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Thanks to the flakiness of the HSM, I've managed to clock up enough overtime in the last week to cover the costs of a copy of Absolute Sandman Volume 2 and two new pairs of glasses to read it with. Three cheers for buggy software!


Oct. 28th, 2007 10:32 am
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I've just finished Fell by Warren Ellis and Ben Templesmith. Here is a quick overview and a few thoughts.

Detective Richard Fell has fallen. Formerly a big city cop, he has been exiled across the bridge to Snowtown, a decaying and crime ridden ruin of a city. A big fish in a small pond, Fell's analytical mind and strong drive stand him in good stead as he starts to deal with the bizarre crimes thrown up by the feral city.

Fell also finds himself struggling to deal with the locals. His colleagues in the police department are, by and large, insane and the crime scene guy is usually so bombed that he's unable to pick up bullets lying on the side walk. When he first meets Mayko, the owner of his local, she brands Fell on the neck with the Snowtown symbol in an attempt to prevent the city from killing him, but he soon forgives her. Fell also finds himself taking an instant, not entirely surprising, dislike to a sinister, silent nun wearing a Richard Nixon mask, whom he encounters on a number of occasions indulging in some very un-nunish behaviour.

I really enjoyed Fell and, in particular, Templesmith's art which complements the noirish atmosphere of the story as well as being a thing of beauty in itself. The minor characters are also rather enjoyable, leavening the dark horror of the crimes committed by the city's denizens. Particularly good are the addled Lt Beard, who is shown at one point reading the Necronomicon in a determination to solve the crime problem with magic, and Violet the secretary, whose husband left her for a poodle.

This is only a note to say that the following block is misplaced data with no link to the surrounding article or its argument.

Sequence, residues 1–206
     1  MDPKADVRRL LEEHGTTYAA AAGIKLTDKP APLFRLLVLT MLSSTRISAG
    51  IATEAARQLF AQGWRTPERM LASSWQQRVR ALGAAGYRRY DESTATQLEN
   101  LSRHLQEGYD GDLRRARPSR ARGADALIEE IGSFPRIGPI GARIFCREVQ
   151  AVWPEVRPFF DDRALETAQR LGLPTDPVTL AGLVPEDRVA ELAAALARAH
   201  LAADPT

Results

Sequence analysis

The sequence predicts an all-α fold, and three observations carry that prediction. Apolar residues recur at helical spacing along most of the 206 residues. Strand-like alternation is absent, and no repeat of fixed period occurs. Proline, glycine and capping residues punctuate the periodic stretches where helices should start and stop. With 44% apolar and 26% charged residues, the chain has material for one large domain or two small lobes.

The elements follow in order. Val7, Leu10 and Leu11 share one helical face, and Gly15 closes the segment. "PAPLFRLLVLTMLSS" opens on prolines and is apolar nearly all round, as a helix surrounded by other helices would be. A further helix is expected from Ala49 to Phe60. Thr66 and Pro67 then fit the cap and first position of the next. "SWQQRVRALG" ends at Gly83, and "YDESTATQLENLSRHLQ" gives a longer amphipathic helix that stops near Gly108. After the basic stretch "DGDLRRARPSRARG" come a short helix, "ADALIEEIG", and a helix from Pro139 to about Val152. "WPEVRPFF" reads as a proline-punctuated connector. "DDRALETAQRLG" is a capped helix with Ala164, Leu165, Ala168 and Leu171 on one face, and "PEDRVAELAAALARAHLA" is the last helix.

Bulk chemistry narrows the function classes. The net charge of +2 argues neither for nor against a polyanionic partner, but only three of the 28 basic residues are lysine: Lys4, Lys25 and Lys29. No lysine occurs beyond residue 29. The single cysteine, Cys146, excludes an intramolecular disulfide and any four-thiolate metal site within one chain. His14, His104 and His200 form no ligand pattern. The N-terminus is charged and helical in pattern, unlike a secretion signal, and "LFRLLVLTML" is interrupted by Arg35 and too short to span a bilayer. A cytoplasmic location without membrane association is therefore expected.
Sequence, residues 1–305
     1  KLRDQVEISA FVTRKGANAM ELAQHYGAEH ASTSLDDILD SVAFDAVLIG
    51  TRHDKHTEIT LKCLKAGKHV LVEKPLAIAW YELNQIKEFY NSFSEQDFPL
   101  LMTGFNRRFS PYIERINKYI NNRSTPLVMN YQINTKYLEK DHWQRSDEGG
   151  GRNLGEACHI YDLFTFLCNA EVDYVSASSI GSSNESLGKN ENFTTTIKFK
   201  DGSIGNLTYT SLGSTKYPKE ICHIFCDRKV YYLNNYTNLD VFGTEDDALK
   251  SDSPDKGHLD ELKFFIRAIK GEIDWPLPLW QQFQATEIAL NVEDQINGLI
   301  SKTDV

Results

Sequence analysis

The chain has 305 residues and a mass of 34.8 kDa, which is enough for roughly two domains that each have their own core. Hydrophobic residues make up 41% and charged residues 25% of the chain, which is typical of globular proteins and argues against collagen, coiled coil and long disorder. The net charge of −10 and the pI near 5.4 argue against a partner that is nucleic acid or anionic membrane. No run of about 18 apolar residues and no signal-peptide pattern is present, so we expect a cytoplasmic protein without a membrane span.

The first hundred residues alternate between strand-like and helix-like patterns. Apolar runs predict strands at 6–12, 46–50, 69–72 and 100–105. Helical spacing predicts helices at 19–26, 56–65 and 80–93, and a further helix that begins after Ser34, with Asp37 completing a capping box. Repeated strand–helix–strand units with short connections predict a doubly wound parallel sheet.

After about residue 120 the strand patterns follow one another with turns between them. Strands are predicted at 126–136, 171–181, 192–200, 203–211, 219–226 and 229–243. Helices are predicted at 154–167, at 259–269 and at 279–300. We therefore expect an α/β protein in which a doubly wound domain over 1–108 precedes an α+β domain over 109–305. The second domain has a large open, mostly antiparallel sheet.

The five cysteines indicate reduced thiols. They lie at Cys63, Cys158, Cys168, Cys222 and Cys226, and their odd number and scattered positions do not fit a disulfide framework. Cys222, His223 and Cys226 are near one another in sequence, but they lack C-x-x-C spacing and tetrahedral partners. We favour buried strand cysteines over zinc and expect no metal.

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Colleen Doran has posted a comparison of the original art for A Game of You and the new, improved version she prepped for Absolute Sandman Vol. 2.

Wow. Yet another reason to follow on from last year's indulgence and pick up Volume 2.
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I like Bucky Katt but, according to the Fount of All Knowledge:

Bucky is frequently depicted as possessing an abundance of disagreeable feline traits, such as anti-social tendencies, delight in random destruction and violence, hostility, and selfishness. He endeavours to wreck Satchel's optimistic outlook of life, but usually fails, because Satchel does not have enough intelligence for his rude, misunderstood sarcasm and is often unaware that he is being insulted

I fail to see how any of these traits could be considered to be disagreeable. And if anyone wants to dispute the issue, I'll consider it to be an act of hostility and put them down with my withering sarcasm...